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This Is Brad Pitt's Most Underrated Movie On Netflix

It's been three decades since Ridley Scott plucked a little-known actor named Brad Pitt from relative obscurity for the fatalistic feminist action classic Thelma & Louise (1991), which means it's been about that long since the actor turned that small supporting roll as a charming thief with an all-too-pretty face into a massive springboard to bigger, better things.

Just to be clear, "bigger, better things" translates to virtually unparalleled superstardom that's been matched only by Brad Pitt's extraordinary staying power as one of Hollywood's most talented, bankable, and recognizable leading men.

Over the years, Pitt has proven a supremely versatile, surprisingly adventurous performer, utilizing his skill and stardom in service of everything from big-budget tentpole offerings to modestly priced indies helmed by some of the most compelling names in cinema. While the former category has led to such memorable offerings as the Oceans Eleven franchise, the zombie drama World War Z, and Quentin Tarantino's Inglorious Basterds, the latter has seen Pitt taking some of his biggest chances, and delivering some of his most brilliant work to date (see: Terry Gilliam's head-spinning 12 Monkeys, Guy Ritchie's crackling crime flick Snatch, Andrew Dominik's soul-stirring anti-Western The Assassination of Jesse James by the Coward Robert Ford, James Gray's sci-fi stunner Ad Astra – among others). 

Those films, of course, also tend to garner far fewer viewers than some of Brad Pitt's more high-profile projects. Even as some Brad Pitt movies get a bit more attention than others, it's almost impossible to label any film featuring the actor as "underrated" — though Pitt's harrowing 2006 drama Babel may just fit the bill. You can now check this minor masterwork out on Netflix. Here's what it's all about.    

Babel is a multi-national marvel from one of cinema's most vital voices

You should know up front that Babel isn't exactly a "Brad Pitt movie" — at least not in the same vein as his many better known big-screen ventures. Rather, Babel finds the actor playing a key role in a sprawling, multi-national mosaic of a movie from one of cinema's most daring filmmakers.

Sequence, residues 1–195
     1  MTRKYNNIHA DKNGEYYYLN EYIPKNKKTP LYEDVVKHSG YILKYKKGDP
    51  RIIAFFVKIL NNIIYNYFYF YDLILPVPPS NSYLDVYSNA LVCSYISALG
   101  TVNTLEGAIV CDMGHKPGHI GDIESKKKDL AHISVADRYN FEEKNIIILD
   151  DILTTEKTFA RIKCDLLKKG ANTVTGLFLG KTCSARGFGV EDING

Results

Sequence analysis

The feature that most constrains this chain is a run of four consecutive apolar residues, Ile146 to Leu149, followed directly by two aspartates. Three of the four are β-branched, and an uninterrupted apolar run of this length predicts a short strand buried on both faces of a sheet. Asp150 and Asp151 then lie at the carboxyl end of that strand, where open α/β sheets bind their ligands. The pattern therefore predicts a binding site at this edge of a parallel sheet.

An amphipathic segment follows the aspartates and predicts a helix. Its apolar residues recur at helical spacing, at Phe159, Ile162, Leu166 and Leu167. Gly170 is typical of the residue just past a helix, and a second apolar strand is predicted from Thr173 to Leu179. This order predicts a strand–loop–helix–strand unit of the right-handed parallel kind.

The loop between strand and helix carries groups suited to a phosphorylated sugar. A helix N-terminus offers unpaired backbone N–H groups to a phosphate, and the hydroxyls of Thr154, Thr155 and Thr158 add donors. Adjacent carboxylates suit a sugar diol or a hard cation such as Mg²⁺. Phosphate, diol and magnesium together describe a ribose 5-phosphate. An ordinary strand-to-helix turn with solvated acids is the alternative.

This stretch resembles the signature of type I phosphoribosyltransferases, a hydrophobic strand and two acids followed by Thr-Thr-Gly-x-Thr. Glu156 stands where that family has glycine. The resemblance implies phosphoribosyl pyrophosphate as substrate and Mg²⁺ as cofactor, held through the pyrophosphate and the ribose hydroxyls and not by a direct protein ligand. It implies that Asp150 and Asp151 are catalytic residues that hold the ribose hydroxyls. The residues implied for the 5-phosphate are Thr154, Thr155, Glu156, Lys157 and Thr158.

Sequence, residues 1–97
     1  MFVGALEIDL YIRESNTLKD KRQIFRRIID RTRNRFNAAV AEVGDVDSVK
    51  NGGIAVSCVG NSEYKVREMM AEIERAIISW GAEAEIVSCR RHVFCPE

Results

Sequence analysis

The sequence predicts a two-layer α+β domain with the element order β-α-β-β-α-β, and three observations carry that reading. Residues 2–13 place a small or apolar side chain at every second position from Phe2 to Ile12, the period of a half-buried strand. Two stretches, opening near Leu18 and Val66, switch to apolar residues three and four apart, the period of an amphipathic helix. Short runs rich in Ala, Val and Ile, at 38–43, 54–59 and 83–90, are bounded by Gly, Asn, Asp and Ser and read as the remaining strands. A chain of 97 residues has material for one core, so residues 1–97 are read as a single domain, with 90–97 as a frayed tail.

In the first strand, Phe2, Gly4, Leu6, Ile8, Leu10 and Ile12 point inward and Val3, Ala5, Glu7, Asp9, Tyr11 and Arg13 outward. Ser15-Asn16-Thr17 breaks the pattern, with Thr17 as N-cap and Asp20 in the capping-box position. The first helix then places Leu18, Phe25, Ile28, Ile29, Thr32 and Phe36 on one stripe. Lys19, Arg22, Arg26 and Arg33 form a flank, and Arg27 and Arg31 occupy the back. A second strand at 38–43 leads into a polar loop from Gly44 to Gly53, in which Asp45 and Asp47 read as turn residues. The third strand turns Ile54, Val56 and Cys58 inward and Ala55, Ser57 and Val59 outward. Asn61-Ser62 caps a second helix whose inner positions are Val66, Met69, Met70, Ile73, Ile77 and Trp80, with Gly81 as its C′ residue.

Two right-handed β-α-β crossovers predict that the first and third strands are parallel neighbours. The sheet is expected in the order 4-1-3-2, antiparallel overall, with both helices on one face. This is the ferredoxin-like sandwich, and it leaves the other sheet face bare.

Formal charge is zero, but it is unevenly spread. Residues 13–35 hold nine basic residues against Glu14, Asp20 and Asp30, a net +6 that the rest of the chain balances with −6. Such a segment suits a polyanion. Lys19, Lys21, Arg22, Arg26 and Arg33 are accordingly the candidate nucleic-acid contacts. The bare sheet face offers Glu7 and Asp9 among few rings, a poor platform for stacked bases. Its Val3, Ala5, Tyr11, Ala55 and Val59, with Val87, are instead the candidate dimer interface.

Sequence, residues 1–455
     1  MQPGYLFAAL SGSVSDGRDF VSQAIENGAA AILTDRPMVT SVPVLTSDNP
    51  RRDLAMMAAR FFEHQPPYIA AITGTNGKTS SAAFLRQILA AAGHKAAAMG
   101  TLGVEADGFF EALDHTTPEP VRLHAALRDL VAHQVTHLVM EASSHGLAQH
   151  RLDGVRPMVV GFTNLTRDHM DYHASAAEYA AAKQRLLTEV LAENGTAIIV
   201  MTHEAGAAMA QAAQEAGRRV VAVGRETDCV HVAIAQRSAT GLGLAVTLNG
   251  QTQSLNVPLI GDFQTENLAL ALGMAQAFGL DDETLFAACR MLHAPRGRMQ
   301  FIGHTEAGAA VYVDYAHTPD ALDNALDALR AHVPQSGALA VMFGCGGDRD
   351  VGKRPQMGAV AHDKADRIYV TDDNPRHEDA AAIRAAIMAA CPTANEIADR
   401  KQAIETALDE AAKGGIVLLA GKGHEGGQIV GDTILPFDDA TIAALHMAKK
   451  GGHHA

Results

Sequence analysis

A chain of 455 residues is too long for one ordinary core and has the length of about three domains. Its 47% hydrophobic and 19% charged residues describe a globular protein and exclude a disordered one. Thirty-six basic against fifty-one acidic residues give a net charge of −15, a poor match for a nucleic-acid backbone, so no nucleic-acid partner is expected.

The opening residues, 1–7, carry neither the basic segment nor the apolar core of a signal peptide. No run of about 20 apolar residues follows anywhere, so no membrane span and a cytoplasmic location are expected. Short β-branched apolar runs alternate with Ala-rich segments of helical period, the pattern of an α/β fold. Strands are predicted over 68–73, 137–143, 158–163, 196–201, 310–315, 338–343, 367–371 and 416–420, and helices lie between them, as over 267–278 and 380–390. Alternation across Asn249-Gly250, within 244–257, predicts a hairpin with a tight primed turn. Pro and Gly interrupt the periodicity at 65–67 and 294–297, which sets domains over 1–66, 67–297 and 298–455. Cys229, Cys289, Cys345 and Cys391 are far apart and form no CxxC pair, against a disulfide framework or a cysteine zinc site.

That filmmaker is lauded Mexican auteur Alejandro González Iñárritu, who's gone on to net a handful of Academy Awards for dynamic movies like 2014's Birdman and Leonardo DiCaprio's brutal 2015 survival flick The Revenant

Prior to embarking on the globe-trotting marvel that is Babel, Iñárritu made a name for himself on the strength of dramas with similar themes like Amores Perros (2000) and 2004's egregiously under-seen 21Grams. But even as impressively ambitious as those films are, they are mere tune-ups for Babel, which showcases the director expanding on his signature style in ways even his most devoted fans couldn't have anticipated. 

Covering several seemingly disparate narratives in four separate countries (Morrocco, Japan, Mexico, and the United States), utilizing the native languages of each region, and featuring bravura turns from an impressive international cast (Cate Blanchett, Gael García Bernal, Elle Fanning, Adrianna Barraza, and Rinko Kikuchi among them), Babel is nothing if not ambitious in both narrative scope and the ways in which its stories are eventually intertwined.

Without spoiling the crux of the film (and Iñárritu spins legit cinematic magic with this one), you should know Pitt and Blanchett portray a struggling American couple whose soul-searching Morrocan sojourn is interrupted by an unimaginable tragedy. Know as well that where Iñárritu takes matters from there is certain to leave your heart firmly planted in your throat, and have you pondering the state of humanity for months after. Enjoy!